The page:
Vitreous Enameling

Q: What do jewelers mean by “enameling”? Is it the same as regular paint, or does it have to be heated in an oven? Is it the same as embossing?

A: Embossing powders are a plastic-based product, used in the printing industry. They are sprinkled onto wet printer’s ink, then the printed objects, such as business cards, for example, are placed under a heat lamp or similar source, where they fuse and create the look of raised-ink lettering or intaglio printing. Embossing has nothing to do with copper enameling, though there’s a passing similarity to the process (with a difference in temperature of about 1400 degrees…)

In copper enameling, (which is also the process jewelers use, although the metal underneath may be silver or gold) a powdered colored glass called enamel is applied to a metal substrate. It’s also called “vitreous” enameling, because glass is melted in the process. The glass is formulated so that its thermal expansion rates will match metals like copper or silver, allowing it not only to fuse to the metal, but to remain firmly attached to the metal when everything cools again. There are many types and colors. One notable distinction is between lead-free enamels and lead-bearing ones. Lead oxides allow a glass to melt lower, and can improve some other working properties, but make it less safe to use on items that may be used with food, or against skin. Lead-free enamels generally melt at higher temperatures, and are a bit harder to control. In the U.S., perhaps the biggest supplier is Thompson’s Enamel.

Thompson’s address is : P.O. Box 310, Newport, Kentucky. 1-800-545-2776 to leave a recorded order (VISA/MC only) or 1-606-3800 to talk to a live person.

Enamelwork Supply, in Seattle (206) 525-9271, carries a number of foreign brands, including French and Japanese enamels, which are usually lead-bearing, and are preferred by some experienced enamelists.

Another domestic manufacturer you might see is Amaco (American Art Clay co.). Mostly they produce clays and ceramic glazes, but they also offer a line of metal enamels. These work, and the little kits are inexpensive and handy, but they aren’t the finest product out there. Enamels are available in other forms than just powders. Threads and little chunks, for example, are often popular…

The heating for enameling can be done as simply (and crudely) as with a common propane torch, but with less than predictable results. Most people prefer to use an kiln. These ovens must reach temperatures of 1500 degrees F or a bit more. What they’re called depends on what you’re doing with it. If you’re a ceramist, firing pots and clay ware, chances are you wouldn’t be caught dead calling it anything other than a kiln. Same hot box, burning out waxes for casting into metal, gets called a burnout oven. In enamels, you often hear it called an enameling kiln, but it also can be called an oven. Whatever you call them, they are not the same as the home ovens used for cooking food. For enameling you’ll want one with a temperature readout, called a pyrometer. There are some simple ones sold without this, but they are harder to use. I’ve seen a little table top hot plate sort of thing sold for this purpose, but these are dangerous—you need a door that opens on the side, not on the top, so the superheated air inside won’t rise and burn you.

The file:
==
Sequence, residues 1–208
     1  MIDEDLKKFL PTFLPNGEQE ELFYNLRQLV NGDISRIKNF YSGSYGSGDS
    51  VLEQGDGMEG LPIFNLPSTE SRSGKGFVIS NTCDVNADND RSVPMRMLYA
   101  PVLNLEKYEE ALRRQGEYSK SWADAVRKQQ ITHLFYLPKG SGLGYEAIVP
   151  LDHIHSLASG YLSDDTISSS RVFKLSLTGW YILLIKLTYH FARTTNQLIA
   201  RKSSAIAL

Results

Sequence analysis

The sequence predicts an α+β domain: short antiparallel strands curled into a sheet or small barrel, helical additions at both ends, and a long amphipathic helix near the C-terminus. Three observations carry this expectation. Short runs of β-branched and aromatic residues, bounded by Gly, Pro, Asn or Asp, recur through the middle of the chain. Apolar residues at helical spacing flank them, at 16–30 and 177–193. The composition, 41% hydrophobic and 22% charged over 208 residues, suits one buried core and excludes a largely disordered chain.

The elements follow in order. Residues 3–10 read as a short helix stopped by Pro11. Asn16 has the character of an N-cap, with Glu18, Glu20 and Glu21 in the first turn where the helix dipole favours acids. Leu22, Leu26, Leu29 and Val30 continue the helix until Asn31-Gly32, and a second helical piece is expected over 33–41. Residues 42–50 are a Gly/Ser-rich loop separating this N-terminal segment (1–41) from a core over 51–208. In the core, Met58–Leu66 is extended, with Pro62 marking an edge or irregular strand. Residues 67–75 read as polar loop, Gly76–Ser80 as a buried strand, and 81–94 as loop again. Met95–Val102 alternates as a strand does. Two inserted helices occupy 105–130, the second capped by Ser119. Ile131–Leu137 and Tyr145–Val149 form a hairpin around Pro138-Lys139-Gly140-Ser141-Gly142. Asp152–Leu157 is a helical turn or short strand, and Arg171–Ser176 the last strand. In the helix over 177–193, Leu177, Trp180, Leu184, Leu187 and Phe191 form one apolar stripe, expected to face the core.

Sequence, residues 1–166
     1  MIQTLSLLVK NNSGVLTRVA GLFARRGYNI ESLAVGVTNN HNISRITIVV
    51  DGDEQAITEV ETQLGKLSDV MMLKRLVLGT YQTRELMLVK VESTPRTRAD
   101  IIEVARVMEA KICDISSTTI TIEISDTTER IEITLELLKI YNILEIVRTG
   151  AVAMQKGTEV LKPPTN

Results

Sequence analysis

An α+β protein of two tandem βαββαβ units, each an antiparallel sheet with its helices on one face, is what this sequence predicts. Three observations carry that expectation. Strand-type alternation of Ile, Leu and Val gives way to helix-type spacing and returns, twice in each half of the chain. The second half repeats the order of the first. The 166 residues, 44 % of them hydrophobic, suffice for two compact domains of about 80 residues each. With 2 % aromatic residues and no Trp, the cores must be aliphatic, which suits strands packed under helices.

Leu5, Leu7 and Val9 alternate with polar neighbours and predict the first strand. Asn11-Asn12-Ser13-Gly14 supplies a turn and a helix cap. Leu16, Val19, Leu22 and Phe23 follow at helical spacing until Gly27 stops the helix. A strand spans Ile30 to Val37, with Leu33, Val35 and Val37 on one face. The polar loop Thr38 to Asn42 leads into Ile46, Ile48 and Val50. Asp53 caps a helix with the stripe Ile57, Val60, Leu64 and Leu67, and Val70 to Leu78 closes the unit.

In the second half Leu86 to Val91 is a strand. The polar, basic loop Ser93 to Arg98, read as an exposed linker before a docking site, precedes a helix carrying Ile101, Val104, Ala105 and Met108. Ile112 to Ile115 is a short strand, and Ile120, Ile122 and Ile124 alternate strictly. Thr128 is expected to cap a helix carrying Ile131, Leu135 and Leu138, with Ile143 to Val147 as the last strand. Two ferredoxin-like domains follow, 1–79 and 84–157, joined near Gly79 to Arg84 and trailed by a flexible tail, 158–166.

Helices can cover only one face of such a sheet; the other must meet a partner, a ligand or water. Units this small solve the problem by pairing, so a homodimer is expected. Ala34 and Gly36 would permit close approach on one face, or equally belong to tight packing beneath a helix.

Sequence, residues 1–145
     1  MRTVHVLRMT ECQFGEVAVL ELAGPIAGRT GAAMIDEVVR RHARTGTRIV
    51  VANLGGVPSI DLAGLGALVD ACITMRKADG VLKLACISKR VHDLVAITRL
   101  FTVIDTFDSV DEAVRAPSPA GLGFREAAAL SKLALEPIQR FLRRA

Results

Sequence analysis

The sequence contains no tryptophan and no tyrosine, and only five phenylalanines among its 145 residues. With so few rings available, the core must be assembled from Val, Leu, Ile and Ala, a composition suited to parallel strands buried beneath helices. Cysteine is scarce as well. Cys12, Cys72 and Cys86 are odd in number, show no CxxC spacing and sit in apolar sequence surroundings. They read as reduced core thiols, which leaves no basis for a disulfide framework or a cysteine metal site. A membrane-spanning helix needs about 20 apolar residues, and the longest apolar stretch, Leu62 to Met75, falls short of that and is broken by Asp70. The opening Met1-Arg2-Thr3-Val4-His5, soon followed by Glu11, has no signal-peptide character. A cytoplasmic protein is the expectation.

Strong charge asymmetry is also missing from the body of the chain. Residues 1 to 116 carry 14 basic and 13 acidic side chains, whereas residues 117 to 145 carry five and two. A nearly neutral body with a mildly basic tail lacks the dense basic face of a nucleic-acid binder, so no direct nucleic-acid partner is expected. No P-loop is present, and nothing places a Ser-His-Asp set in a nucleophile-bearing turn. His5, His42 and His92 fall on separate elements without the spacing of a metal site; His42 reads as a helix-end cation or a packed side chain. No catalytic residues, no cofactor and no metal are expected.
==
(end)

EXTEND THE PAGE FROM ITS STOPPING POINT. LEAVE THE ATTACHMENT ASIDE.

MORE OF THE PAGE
Almost any jeweler’s supply house will happily sell you a suitable kiln/oven. Most of these places will be happy to suggest and supply good books on the subject, and many also carry a variety of enamels. Your yellow pages is a place to start, as most larger cities have at least one jeweler’s supply house. The various firms already mentioned will be of help.

Here are some book recommendations from a post in this newsgroup I saved a couple years ago. Still accurate…

Enamel, Enameling, and Enamelists by Glenice Lesley Matthews

This book is very good with detailed instructions on metal preparation, and various enameling techniques. Several projects are included as well as pictures of works by different artists using various techniques.

Cloisonne Enameling by Felicia Liban

Good book on cloisonne enameling.

Enameling on Metal by Oppi Untracht

This book may be out of print.

First Steps In Enameling by Jinks McGrath

Basic introduction, also has projects.

by Peter W. Rowe M.F.A., G.G.